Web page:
Commission’s notice on Brexit and copyright: Is it as bad as it sounds?

1 May 2018

Industries: TMT
Services: Copyright

by Penny Thornton and Alastair Shaw

On 28 March 2018 the Commission published a Notice to Stakeholders on the Withdrawal of the UK and EU rules in the field of Copyright. The Notice reminds stakeholders that, unless the UK comes to an agreement with the EU, there will be legal repercussions to Brexit.

The Commission Notice says that all EU “primary and secondary law will cease to apply to the United Kingdom from 30 March 2019”. It goes on to point out that, although the UK is a party to many of the main international copyright treaties, including the WCT, WPPT and TRIPS, these treaties do not provide the same level of protection as EU copyright laws nor do they provide any particular cross-border measures for the benefit of rights-holders or users within the EU internal market.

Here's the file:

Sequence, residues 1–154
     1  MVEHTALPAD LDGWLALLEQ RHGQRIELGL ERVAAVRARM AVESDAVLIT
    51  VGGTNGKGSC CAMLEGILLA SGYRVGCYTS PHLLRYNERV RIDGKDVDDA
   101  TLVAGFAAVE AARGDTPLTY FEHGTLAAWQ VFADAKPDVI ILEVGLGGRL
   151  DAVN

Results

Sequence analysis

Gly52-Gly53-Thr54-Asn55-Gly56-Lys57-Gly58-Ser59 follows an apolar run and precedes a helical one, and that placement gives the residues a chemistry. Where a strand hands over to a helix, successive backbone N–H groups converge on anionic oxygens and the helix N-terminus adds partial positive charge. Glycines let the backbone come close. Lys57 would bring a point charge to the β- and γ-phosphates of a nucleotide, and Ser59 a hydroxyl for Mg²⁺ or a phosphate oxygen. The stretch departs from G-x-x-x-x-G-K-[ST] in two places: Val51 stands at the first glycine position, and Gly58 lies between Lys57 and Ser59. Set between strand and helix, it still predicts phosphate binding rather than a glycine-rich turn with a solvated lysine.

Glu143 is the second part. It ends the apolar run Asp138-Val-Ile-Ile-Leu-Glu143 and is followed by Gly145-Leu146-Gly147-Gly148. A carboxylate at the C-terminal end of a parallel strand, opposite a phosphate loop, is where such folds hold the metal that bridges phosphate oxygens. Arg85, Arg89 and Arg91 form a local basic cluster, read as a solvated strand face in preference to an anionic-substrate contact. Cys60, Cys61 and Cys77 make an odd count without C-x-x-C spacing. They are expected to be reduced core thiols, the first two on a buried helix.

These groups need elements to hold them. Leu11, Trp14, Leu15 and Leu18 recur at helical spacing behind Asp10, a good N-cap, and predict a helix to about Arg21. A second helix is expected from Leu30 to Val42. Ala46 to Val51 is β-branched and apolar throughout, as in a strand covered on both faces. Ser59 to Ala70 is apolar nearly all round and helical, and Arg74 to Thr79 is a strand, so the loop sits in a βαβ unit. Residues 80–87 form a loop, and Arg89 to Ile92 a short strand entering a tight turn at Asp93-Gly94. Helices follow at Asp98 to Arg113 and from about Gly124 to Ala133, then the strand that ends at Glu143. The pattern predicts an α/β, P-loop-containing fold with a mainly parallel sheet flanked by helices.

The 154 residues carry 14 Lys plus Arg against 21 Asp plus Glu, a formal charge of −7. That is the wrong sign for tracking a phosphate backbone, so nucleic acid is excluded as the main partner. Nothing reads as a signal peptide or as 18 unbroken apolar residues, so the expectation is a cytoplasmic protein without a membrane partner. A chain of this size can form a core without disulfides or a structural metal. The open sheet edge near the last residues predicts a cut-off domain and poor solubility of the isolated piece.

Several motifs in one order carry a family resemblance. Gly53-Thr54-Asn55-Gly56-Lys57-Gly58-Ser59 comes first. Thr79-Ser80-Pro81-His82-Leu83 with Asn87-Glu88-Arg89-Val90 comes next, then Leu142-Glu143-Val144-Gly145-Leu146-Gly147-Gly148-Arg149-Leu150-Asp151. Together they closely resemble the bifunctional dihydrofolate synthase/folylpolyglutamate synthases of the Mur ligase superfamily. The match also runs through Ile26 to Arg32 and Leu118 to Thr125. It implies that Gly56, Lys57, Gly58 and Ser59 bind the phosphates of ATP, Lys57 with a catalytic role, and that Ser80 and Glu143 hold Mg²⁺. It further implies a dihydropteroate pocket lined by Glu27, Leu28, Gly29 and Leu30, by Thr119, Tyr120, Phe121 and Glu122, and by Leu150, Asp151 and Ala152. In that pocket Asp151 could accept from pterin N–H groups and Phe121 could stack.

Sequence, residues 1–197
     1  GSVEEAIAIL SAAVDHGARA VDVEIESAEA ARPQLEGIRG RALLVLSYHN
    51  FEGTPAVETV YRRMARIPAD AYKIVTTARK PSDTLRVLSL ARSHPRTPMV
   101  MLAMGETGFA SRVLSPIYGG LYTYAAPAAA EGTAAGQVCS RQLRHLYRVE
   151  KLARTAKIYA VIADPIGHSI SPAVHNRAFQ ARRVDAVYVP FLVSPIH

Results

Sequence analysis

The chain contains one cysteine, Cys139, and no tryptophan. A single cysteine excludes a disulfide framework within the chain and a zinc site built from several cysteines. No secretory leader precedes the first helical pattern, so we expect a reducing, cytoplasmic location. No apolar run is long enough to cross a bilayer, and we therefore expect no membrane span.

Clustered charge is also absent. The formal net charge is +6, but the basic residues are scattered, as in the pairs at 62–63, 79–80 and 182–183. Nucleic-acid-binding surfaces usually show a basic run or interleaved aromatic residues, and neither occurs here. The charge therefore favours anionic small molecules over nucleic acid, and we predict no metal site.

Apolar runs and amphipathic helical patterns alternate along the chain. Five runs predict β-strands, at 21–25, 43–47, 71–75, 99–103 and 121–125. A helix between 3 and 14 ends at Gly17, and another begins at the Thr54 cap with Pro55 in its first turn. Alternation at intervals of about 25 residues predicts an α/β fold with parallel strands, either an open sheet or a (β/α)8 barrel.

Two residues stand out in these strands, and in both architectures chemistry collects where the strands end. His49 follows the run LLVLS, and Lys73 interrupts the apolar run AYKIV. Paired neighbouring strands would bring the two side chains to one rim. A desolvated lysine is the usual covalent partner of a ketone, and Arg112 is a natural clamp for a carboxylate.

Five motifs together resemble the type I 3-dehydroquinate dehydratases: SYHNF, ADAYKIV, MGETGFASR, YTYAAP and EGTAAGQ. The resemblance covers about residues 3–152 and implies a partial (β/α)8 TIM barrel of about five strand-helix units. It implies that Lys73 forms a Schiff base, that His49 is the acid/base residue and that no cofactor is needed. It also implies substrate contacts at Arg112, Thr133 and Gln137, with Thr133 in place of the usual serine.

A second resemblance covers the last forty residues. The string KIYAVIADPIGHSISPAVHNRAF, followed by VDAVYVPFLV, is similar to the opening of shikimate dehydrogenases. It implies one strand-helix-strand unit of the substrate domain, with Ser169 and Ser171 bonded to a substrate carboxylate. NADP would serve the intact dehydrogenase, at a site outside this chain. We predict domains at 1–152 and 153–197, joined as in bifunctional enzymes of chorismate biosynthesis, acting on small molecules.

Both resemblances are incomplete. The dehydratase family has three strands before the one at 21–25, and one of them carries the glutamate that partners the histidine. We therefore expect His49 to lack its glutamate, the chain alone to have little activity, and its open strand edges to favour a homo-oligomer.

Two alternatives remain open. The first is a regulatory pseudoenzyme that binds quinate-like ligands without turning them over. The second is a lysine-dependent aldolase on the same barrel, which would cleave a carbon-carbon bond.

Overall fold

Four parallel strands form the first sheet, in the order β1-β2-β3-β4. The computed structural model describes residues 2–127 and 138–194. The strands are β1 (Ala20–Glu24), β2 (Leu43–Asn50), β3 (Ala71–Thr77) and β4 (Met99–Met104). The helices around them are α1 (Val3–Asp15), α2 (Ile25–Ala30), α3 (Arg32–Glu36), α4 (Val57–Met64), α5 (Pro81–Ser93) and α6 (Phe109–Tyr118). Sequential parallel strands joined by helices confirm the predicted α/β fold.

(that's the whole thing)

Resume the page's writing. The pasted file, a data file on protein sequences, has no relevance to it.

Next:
Whilst it is true that the international copyright treaties do not provide the same protection for copyright works, in all areas, as EU law, it is misleading to say that all EU primary and secondary law will cease to apply on the withdrawal date. In fact the UK’s copyright laws will not change on the day of withdrawal. UK copyright has been subject to a number of EU directives aimed at harmonising national copyright regimes across the EU. These directives have been implemented in the UK Copyright, Designs and Patents Act 1988 and other secondary legislation and will form part of the body of law which the UK has decided to retain on Brexit, pursuant to the government’s proposed European Union (Withdrawal) Bill (expected to be enacted around June of 2018).

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